Steve Jungkeit and Lina Tuck
Texts: Luke 4: 16-29; Luke 15: 1-10
April 30, 2017
An Extended Grace
Every preacher’s got a story to tell about a sermon that didn’t go well. It’s a badge of honor in the trade. I’ve got a few that I could share, and one day I probably will. But few of them top what happens to Jesus on his first outing. I’d like to explore that story with you this morning as a way of framing what Lina Tuck will be sharing about our emerging work on immigration and sanctuary issues. Several months ago I shared that we had learned that a significant number of people who come to our food pantry had concerns about their immigration status. I also shared that our Board of Deacons had spoken at length about how we as a community of faith should respond to the wave of anti-immigrant rhetoric and policy being enacted. There are varying political and theological positions within our Board of Deacons, but everyone was convinced that some form of response was necessary. And Lina has been unbelievably helpful as we’ve explored what that response should be. But before we go there, I want to set that work up theologically. And I want to do it by exploring that disastrous first sermon that Jesus offers in his hometown. Every preacher’s got a story to tell about a sermon that didn’t go well, but few of them can stack up to Jesus on that Sabbath morning.
He shows up in Nazareth a hometown hero. And he just gets out by the skin of his teeth. What happens along the way during that first sermon? Why does the crowd move from adulation to agitation in such a short span of time?
The crux of it all comes in Jesus’s chosen texts. He reads first from Isaiah, a famous passage then as now, about good news being offered to the poor, restoring sight to the blind, and releasing the captives. It’s red meat for any preacher, and the congregation eats it up. They cast themselves as those in need of release, as those in need of freedom. They read the text as many of us tend to, turning it into a mirror of their own concerns. They hear, and they read, narcissistically. There may well have been important ways that members of that congregation needed release, or freedom – we don’t know. But Jesus effectively blocks them. What he says, in so many words, is this: This is not about you!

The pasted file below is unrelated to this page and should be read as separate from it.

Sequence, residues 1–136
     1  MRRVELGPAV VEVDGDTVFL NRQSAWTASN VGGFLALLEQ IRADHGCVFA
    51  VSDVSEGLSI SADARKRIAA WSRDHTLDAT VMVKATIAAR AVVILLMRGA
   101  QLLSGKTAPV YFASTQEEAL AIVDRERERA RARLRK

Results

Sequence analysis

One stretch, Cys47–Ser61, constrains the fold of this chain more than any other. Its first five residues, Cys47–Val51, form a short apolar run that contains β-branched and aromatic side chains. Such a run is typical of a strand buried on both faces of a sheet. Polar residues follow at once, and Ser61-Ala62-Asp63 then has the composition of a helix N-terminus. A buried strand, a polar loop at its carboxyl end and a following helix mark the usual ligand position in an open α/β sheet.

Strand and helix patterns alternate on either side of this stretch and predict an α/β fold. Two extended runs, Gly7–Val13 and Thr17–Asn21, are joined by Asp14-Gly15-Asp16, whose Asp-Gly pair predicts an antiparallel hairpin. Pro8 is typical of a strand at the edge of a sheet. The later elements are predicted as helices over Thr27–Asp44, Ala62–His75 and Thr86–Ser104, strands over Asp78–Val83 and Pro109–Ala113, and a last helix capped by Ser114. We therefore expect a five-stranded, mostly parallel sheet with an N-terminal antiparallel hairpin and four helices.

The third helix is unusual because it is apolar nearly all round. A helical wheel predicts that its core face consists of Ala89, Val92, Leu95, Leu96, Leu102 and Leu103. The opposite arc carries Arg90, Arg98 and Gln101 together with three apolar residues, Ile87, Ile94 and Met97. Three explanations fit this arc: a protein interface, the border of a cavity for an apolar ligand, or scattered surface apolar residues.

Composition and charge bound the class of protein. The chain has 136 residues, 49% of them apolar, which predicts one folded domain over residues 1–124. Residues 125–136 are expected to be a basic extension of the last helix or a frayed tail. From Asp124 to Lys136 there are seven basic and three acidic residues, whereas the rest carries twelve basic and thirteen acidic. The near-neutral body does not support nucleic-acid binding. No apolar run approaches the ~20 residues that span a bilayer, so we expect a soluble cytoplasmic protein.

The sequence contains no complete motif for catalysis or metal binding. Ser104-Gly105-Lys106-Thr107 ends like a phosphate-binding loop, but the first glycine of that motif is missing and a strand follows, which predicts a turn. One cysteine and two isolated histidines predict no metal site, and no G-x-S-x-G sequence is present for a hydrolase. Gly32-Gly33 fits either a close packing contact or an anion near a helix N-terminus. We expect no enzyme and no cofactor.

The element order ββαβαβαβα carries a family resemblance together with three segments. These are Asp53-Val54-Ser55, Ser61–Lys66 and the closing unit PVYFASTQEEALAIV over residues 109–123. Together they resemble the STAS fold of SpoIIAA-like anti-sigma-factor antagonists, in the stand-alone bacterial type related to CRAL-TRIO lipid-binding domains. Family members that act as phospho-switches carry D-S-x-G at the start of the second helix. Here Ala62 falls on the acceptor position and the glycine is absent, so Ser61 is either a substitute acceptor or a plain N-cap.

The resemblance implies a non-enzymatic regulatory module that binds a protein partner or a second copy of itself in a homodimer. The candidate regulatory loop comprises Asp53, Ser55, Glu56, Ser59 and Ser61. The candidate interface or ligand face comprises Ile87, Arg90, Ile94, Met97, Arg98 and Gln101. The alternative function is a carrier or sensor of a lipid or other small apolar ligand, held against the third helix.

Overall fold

He goes on to cite two instances from the Hebrew Bible when a singular, lonely outsider was chosen to receive special attention from the prophets Elijah, and Elisha. In the first instance, during a time of political crisis, Elijah both receives and offers hospitality not from a religious insider, one of the righteous, but from a widow and her son, residing in ancient Israel as immigrants, as outsiders. In the second, it is a man from Syria named Naaman who receives healing. Another immigrant, another outsider, receives the attention of the prophet, not those who dwell comfortably inside.
This is not about you, Jesus tells that congregation in his first sermon. It makes them mad, angry enough that they attempt to harm Jesus. But it was a way of establishing at the very outset of his public ministry where the good news of the Gospel would be directed. It was a way of reorienting the congregation at Nazareth, repositioning their gaze. To the insiders, to the righteous, to the prosperous, to the well cared for, Jesus says: this is not about you! It’s about the invisible ones living among you. It’s about the lost and forgotten ones living right under your noses. This is not about you. But you might have an important role to play.
Then as now it’s a word the faithful need to hear. To help us understand a little more about that word, and about our response, I’ve asked Lina Tuck to share some of what she’s been up to these past few weeks and months. It’s something that both of us have been excited to share with all of you.
My story this morning begins with a young family, the husband, hoping to find a better life for his wife and children applied for a temporary visitor’s visa and arrived in Hartford, CT in 1969 from Portugal. He stayed with his wife’s aunt, helping with cooking and cleaning while looking for permanent work and a pathway to becoming a permanent resident of the United States. His visa, after a few months, quickly expired, and he now found himself classified as an illegal alien. His dreams for a better life were quickly disappearing and it was just a matter of time before he would be deported back to Portugal. By grace, an acquaintance came with information about a glove factory looking for seamstresses, having heard that his wife was a skilled seamstress. By grace, documents were collected, and immigration papers were prepared and in November of 1970, this family was reunited. They could now be together. They were terrified but hopeful, unable to speak the language, having to adjust to a new culture, starting over again. Think about this family, hold them in your heart for a little while; we will come back to their story.